First, there is the Game/Schema/index.js module that encapsulates both the schema itself, and the validation functionality.

For the JSON schema itself, I’m leveraging ajv and, to sweeten the process, my own json-schema-shorthand:

import Ajv       from 'ajv';
import shorthand from 'json-schema-shorthand';

let schema = {
    id: "http://aotds.babyl.ca/schema.json",
    definitions: {
        movement: { 
            id: "#movement",
            object: {
                velocity:        "number!",
                heading:         "number!",
                coords:          'object!',
                trajectory:      'object',
                remaining_power: "number",
        "ship_navigation": {
            id: '#ship_navigation',
            "object": {
                heading:  'number!',
                velocity: 'number!',

let ajv = new Ajv();

ajv.addSchema( shorthand( schema ) );

For the validation, I basically want a way to wrap values and functions such that I’ll get squeaks of outrage if they don’t produce what’s expected of them.

// everything's better with a lodash of salt
import _ from 'lodash';

// logging stuff
import StackTrace from 'stacktrace-js';
import Bunyan     from 'bunyan';

let logger = Bunyan({ name: "aotds", src: true, level: 'debug' });

function _validate_type( type, data ) {
    let v = _.partial( 
        ( typeof type === 'object' )
            ? type 
            : { '$ref': 'http://aotds.babyl.ca/schema.json#' + type }

    let res = v(data);

    if(!v(data)) {
        StackTrace.get().then( trace => {
            // first 2 stack items are for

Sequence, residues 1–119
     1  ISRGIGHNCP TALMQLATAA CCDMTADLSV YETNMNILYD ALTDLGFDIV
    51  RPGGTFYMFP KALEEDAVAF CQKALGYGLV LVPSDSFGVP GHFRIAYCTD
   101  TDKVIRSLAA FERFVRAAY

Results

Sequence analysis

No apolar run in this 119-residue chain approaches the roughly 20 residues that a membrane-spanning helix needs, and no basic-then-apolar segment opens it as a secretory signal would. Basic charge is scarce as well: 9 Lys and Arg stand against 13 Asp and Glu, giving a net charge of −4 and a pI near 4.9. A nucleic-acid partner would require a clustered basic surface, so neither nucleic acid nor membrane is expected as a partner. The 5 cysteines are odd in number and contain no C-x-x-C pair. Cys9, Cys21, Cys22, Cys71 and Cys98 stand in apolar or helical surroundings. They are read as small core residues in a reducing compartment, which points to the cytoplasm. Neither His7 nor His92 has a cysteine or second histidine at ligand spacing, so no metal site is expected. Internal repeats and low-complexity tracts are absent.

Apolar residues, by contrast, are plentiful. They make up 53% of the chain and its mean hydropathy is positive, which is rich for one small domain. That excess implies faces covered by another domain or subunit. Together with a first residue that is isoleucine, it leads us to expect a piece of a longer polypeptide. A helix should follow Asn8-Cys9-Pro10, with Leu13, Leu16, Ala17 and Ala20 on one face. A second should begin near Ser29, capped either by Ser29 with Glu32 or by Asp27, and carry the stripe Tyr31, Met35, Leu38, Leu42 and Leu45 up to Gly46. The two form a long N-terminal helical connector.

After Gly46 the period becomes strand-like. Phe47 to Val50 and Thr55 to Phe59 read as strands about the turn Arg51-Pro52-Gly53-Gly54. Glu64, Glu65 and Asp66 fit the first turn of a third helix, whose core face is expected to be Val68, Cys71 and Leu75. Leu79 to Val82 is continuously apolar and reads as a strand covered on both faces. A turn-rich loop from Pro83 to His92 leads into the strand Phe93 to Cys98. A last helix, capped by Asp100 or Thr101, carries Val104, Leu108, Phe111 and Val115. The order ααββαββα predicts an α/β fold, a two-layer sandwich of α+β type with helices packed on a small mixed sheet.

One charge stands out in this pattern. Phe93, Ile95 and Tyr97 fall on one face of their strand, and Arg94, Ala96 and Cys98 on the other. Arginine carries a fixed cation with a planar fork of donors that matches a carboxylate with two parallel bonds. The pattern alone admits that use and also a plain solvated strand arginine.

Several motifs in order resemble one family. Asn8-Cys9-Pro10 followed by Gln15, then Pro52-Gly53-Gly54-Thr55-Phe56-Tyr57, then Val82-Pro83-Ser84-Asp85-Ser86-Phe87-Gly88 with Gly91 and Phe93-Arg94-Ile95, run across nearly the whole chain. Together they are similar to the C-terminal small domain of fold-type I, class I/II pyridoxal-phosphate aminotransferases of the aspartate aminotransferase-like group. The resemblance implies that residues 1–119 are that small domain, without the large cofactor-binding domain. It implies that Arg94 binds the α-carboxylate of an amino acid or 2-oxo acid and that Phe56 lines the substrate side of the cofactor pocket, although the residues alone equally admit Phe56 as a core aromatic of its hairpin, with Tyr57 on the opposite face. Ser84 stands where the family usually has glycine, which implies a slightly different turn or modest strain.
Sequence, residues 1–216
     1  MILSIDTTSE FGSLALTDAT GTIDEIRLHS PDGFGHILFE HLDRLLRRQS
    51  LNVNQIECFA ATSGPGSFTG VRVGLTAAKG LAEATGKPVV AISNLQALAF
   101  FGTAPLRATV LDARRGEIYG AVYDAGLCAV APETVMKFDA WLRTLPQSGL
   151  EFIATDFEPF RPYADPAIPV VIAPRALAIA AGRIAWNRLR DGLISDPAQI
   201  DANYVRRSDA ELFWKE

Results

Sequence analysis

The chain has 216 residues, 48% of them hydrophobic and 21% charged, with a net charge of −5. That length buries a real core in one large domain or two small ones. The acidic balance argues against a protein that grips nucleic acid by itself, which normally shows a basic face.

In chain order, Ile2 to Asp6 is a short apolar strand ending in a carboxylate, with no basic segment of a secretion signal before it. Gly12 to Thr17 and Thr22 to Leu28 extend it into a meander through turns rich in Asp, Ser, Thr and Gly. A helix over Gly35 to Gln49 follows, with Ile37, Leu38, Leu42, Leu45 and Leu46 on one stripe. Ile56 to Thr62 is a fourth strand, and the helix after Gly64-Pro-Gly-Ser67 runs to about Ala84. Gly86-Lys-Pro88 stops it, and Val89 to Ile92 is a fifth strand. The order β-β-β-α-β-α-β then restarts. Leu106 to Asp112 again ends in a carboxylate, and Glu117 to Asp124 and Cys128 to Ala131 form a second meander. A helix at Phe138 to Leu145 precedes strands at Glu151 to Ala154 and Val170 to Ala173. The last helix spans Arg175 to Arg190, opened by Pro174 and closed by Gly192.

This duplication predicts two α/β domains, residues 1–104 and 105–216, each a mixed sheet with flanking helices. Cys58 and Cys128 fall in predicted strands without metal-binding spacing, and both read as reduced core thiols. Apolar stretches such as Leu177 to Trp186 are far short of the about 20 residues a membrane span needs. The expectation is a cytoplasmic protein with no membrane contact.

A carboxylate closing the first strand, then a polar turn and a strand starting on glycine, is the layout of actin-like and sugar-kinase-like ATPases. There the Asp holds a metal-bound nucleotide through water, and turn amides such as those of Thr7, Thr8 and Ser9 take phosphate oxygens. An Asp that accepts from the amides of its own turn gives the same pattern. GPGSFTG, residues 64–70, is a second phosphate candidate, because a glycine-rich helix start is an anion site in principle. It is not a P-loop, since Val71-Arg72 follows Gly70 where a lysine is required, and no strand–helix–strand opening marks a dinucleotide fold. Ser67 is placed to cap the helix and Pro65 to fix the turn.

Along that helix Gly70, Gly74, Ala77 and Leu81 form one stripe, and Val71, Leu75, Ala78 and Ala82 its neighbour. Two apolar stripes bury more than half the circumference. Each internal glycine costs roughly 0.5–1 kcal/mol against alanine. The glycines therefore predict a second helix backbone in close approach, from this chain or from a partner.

// _validate_type and validate_type, so
            // not really interesting

            // filter out library stuff to cut on the noise
            trace = trace.filter( t => ! /node_modules/.test(t.fileName) );

            logger.warn( { 
                schema_error: ajv.errors,
                definition:   type,
            }, 'schema validation' )

    return data;

export default
function validate_type(type) {

    return input => {
        if( typeof input === 'function' ) {
            return (...args) => 
                _validate_type( type, input.apply(null,args) );

        return _validate_type( type, input );

And, well, that’s it. And its use is not too obtrusive either. For example, where I had

function ship_calculate_movement( ship, orders = {} ) {
    // lotsa stuff goes here

I can now do

import _t from 'Game/Schema';

let ship_calculate_movement = _t('movement')( ( ship, orders = {} ) => {

    _t('ship_navigation')( ship );

    // lotsa stuff goes here

and I’ll get big fat warnings if ship_calculate_movement returns something that is not fitting the movement type, or if it’s being fed an unnavigable ship. And while it’s not as pretty as

function ship_calculate_movement ( ship: ShipNavigation, orders = {} ) : Movement { 

it’s 100% pure JavaScript and doesn’t require any transhenaniganifactions. I can live with that.

Of course, I’m already see a lot of room for tweaks and improvements. For example, it’d be easy to have a configuration knob to throw errors when encountering malformed data. And to make the logging mechanism pluggable. Or allow the type checking to become a straight bypass for production and/or need for speed.

But that’s something for tomorrow. For the time being, I have a game to write. In the short, oh so terribly short time I have before the next yak jumps me.